The Family I Had

Like a real-life “We Need to Talk About Kevin,” this true-crime documentary is a heartbreaking account of one mother’s attempt to cope with her son’s unthinkable act. Charity’s 13-year-old son, Paris, is charged with murdering her 4-year-old daughter, Ella. As she’s left to pick up the pieces, she’s riddled by regret, guilt, and moral confusion. Would getting Paris help be betraying Ella? Can she ever forgive Paris? Then the story takes a twist and Charity is left with even bigger, more daunting questions about her family.

Summer 1993

After 6-year-old Frida loses both of her parents, she leaves her Barcelona apartment behind and moves to the countryside to live with her uncle and his family. There she finds her footing in a new life with new relatives who show her a different definition of family. The film tenderly shows Frida navigating her new world, holding on to her childhood after a life-changing event that would devastate most adults.

The Wonders

Imagine living a quaint life and then finding a portal into an eye-opening unknown world; now imagine if you were a teen. That’s the sense of excitement and wonder this beautifully lush film captures. Teenage daughter Gelsomina comes from a family of beekeepers in a small Italian village with Etruscan roots. When a reality TV crew comes into town to document the community’s traditional Etruscan way of life, Gelsomina is immediately intrigued, especially by the enigmatic TV host, played by the ever-stunning Monica Bellucci.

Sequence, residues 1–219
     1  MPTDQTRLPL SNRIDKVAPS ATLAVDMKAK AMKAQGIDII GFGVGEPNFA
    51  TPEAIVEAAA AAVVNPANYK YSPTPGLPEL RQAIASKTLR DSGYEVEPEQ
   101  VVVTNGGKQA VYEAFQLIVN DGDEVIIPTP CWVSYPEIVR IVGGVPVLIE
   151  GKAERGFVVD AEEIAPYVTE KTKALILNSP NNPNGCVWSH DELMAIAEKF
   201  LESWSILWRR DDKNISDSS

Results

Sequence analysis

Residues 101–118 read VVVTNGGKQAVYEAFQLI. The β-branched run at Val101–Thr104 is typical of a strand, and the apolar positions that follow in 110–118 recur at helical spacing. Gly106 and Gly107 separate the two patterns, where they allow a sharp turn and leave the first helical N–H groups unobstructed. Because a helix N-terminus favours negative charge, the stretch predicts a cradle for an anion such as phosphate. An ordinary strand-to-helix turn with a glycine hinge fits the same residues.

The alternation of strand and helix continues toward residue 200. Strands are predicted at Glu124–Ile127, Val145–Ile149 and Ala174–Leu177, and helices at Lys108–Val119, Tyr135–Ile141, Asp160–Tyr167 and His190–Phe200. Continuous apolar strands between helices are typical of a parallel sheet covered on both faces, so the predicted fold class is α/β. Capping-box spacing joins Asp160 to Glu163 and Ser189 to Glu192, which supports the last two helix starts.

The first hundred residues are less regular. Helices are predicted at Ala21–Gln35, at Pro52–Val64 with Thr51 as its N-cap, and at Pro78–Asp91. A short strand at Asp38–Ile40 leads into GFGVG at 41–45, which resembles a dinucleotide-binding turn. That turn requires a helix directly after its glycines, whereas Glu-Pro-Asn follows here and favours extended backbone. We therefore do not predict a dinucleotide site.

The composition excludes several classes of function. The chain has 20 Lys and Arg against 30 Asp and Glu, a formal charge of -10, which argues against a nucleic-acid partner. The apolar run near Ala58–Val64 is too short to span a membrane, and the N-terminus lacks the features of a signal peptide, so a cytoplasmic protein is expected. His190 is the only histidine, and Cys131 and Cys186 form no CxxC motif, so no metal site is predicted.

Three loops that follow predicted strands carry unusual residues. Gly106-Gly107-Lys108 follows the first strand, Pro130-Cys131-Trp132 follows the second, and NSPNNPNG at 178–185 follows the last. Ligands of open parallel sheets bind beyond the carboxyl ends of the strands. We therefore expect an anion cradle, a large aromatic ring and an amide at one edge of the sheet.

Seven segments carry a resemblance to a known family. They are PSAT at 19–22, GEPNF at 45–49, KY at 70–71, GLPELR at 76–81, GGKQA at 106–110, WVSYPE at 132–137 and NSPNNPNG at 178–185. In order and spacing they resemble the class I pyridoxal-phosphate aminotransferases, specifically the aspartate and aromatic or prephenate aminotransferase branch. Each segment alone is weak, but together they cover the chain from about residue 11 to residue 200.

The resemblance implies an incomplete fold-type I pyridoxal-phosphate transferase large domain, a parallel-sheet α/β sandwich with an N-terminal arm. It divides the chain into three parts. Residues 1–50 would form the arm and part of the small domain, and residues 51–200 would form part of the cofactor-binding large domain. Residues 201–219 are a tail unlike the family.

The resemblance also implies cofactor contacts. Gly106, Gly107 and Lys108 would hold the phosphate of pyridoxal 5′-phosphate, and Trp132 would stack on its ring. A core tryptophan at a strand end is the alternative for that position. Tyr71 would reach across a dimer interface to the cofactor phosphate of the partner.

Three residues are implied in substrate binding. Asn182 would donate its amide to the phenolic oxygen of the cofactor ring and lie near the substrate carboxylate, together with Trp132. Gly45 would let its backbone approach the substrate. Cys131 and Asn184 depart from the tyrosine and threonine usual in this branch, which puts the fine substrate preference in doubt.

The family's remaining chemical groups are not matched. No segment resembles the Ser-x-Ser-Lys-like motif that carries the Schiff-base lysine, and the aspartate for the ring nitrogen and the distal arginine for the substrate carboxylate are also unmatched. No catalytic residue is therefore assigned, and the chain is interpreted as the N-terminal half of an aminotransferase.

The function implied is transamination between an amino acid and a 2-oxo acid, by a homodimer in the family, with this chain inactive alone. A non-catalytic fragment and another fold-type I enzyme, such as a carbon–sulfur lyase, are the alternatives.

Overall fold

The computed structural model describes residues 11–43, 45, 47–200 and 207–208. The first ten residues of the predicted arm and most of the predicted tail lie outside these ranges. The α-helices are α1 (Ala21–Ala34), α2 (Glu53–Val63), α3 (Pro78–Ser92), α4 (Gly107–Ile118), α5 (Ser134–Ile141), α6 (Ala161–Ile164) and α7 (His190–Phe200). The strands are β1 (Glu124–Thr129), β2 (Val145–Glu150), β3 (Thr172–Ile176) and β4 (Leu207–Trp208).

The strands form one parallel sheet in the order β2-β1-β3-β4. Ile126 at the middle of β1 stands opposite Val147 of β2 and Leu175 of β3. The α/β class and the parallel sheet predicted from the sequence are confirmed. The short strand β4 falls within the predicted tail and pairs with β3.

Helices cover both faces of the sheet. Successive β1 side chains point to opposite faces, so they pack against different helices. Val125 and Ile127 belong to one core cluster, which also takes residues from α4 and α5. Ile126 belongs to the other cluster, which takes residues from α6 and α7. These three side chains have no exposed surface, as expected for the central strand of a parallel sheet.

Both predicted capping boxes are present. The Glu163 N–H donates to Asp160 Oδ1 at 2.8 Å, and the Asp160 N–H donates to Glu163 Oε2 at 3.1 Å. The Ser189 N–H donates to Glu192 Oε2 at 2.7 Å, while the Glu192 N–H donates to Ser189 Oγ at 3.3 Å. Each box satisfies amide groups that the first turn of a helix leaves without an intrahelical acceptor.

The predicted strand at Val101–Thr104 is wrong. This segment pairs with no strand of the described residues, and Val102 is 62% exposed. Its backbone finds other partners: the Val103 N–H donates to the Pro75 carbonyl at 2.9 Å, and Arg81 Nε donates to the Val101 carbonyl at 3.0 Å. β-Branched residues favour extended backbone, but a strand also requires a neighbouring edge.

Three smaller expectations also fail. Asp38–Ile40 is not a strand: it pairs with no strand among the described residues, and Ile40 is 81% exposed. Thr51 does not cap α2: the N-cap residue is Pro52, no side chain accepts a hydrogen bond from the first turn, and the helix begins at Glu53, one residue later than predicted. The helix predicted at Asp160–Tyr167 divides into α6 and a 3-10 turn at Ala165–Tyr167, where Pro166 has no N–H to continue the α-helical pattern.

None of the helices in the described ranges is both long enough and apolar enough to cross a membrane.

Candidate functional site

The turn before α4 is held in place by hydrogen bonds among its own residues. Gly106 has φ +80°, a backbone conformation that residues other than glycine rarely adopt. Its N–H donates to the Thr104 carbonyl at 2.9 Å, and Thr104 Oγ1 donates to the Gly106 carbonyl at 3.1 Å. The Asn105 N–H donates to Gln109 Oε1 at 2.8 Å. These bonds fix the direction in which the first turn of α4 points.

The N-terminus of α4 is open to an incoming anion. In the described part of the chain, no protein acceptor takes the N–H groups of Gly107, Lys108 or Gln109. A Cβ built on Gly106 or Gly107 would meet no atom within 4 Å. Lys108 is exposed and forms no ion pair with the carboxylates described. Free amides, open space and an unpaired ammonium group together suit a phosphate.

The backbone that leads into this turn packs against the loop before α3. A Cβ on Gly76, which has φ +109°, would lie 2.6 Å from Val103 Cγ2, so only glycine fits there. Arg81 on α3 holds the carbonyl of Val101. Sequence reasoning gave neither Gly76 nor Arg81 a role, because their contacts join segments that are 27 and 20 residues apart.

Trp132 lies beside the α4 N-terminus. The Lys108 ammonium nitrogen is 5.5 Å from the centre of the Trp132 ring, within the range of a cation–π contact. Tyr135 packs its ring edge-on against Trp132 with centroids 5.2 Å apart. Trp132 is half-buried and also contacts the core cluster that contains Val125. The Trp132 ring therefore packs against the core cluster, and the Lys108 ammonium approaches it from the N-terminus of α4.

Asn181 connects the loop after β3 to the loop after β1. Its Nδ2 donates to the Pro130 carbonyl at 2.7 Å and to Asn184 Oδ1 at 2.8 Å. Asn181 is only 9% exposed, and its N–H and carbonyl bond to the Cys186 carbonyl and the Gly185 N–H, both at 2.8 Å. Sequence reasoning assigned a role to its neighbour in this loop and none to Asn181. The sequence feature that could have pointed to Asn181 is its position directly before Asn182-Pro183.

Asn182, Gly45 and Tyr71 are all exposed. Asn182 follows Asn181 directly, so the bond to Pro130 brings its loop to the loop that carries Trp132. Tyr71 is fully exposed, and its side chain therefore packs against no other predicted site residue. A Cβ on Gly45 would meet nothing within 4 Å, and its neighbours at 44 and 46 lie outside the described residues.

The Second Mother

Val spends her life taking care of another family, but when her own daughter, Jessica, shows up one day, Val’s life is thrown into chaos. Unburdened by the social and class boundaries of the house, Jessica starts making herself at home, to her mother’s frustration. Jessica’s arrival makes Val evaluate where her loyalties lie—with the family she’s come to consider her own or with her biological daughter she barely knows.

Passing: A Family in Black & White

Comedian Robin Cloud grew up hearing about the “Nebraska cousins,” a branch of her family tree that has been, unbeknownst to them, passing as white for decades. Cloud decides to track them down to tell them the truth and welcome them to the family. What ensues is a journey that examines heritage, racial identity, and family connection. As the bridge between her “white” relatives and the rest of her Southern family, Cloud will learn if blood truly is thicker than water.

Leave No Trace

In this drama, home is where family is—even if that means living in a tent in the forest. Based on a true story, “Leave No Trace” follows a father and daughter who live a happy life in the Oregon wilderness completely off the grid until they’re caught one day by law enforcement. When they’re forced to integrate into society, cracks begin to form between the once-solid duo. They set out to return to their independent lives, but now nothing feels the same.